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Letters to the Editor
“When the Navy Docked on the Hill”
In the article “When the Navy Docked on the Hill,” (fall 2007), I was disappointed that you did not mention that a ROTC unit existed at Holy Cross beginning in September 1941. There were about 40 or so members with uniforms, drills, shots and confusion. We were not actually enlisted men—just volunteers. Drills were behind Fenwick with rifles and a lot of kibitzing from the dorm. It got more exciting after Pearl Harbor. I left in July and joined the V-5 program (Naval Aviation); went to the Pacific in 1944. Joined the Regulars, stayed on and retired in 1963. It was a great 21 years in Carrier Aviation. Keep up the good work.
Jack DiPretoro ’45
It was interesting to read about astronomy at Holy Cross. However, the story might have noted that many of us—willing or not—were introduced to the mysteries of the night skies and celestial navigation by the College’s Naval ROTC unit. How’s that doing? Even though the Navy relies primarily on satellites for navigation these days, it’s a piece of common ground I’d hope the Navy and the Jesuits would nurture.
Also, while the article mentions that a Jesuit heads the Vatican’s observatory headquartered in Italy, the Vatican’s principal research observatory is based in Arizona, where the skies are darker and better for astronomy than those around Rome. The Vatican’s Advanced Technology Telescope (VATT) in Arizona was the prototype for the mirror making techniques used to construct the Large Binocular Telescope (LBT - currently the world’s largest optical telescope) and the even larger Giant Magellan Telescope (GMT - in early stages of construction). Unfortunately, though the Jesuits in Arizona have played a crucial role in keeping American telescope building viable, Notre Dame is the only Catholic institution participating in the LBT and GMT projects. Hopefully, the Jesuits will find a way to change that.
Jim McManus ’70
The Times wants me to read Denis Johnson’s Tree of Smoke. In their Sunday Review of Books, they describe Tree as remarkable, soulful, tremendous: an Epic. I will probably read it, and surely be disappointed.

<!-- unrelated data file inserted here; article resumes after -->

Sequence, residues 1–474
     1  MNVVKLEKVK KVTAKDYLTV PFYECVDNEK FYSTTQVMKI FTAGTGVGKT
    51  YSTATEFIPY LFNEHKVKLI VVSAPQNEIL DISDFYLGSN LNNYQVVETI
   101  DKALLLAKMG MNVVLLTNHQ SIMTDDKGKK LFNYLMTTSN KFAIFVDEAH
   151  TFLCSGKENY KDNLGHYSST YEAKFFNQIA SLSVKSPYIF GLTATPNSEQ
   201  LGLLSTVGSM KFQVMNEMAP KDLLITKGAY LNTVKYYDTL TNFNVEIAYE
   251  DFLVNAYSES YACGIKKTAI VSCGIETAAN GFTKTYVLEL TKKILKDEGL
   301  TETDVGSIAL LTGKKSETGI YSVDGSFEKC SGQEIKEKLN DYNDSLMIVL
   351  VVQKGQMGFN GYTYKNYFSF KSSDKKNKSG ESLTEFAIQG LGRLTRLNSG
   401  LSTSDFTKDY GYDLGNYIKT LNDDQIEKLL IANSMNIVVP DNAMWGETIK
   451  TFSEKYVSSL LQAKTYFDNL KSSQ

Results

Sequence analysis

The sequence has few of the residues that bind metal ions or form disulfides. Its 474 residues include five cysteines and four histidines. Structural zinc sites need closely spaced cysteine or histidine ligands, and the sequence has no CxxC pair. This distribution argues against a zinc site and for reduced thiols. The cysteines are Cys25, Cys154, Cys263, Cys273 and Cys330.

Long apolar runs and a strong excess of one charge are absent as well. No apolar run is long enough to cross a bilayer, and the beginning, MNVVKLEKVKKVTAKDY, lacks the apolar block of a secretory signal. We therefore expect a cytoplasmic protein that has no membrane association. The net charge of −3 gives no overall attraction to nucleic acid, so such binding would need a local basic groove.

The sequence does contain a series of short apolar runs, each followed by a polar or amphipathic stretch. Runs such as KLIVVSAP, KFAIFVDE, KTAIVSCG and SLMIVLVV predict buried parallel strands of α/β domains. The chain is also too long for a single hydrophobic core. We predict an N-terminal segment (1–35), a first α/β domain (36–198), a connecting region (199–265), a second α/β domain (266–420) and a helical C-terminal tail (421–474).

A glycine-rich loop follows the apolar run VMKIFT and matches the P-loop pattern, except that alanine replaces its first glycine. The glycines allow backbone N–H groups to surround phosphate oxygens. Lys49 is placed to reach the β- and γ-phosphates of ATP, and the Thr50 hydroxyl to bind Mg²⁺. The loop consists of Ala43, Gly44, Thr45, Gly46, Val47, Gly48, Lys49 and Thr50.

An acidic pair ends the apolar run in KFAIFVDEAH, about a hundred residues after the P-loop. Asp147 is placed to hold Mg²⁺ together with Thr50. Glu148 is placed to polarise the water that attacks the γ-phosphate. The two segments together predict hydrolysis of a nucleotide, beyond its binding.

The summer ’07 edition of Holy Cross Magazine suggested for the beach, the boat, the backpack, Daniel Woodrell’s Winter’s Bone. After the first few sequences of the novel, I put the book down and asked myself, “What in blazing saddles is goin’ on here?” Unexpected drama; unexpected characterizations, unexpected topography. Surely, all this was a clever diversion and, soon, I and my new book would revert to the mean.
Not here. The Times would have been dead-on accurate ... had they been reviewing Winter’s Bone. Thank you, HCM, for the recommendation.
Pete Stubben ’69
Rockaway Park, N.Y.
In the article, “Far-Flung Friends” (fall ’07), the expulsion of the Jesuits from Iraq was referred to as result-ing from the “Gaddafi coup.” The expulsion, of course, was the result of the Baathist coup. Rev. Joseph MacDonnell, S.J., author of Jesuits by the Tigris: Men for Others in Baghdad (1994), writing in America magazine in 2003, recounts the events: “In 1968, following a bloody coup d’état in August by the Baath Socialist Party, both schools were nationalized, and all 61 Jesuits were expelled. On Nov. 25 the 28 Al Hikma Jesuits were given five days to leave the country. Baghdad College was nationalized the following August with no reason given and no compensation offered. The Baath Socialist government, whose ideology prohibited private education, confiscated the Jesuits’ property of 195 acres with 15 major buildings, including the contents of two libraries and seven very modern laboratories. No one was in a position to protest these expulsions, because of the atmosphere of terror created by the Baath.” The editors regret this error.